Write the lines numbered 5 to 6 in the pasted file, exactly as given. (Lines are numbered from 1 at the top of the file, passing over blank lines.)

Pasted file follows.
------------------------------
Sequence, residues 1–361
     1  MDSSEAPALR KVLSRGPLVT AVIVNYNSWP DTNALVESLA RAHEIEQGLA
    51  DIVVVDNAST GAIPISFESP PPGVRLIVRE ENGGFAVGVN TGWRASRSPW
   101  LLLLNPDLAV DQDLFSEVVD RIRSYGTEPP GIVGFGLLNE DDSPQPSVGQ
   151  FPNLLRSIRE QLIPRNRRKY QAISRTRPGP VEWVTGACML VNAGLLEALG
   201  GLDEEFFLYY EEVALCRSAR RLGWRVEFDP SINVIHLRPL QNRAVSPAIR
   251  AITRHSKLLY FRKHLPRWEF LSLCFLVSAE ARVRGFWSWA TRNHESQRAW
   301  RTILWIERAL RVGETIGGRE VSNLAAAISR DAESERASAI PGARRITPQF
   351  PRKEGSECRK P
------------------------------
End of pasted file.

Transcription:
   151  FPNLLRSIRE QLIPRNRRKY QAISRTRPGP VEWVTGACML VNAGLLEALG
   201  GLDEEFFLYY EEVALCRSAR RLGWRVEFDP SINVIHLRPL QNRAVSPAIR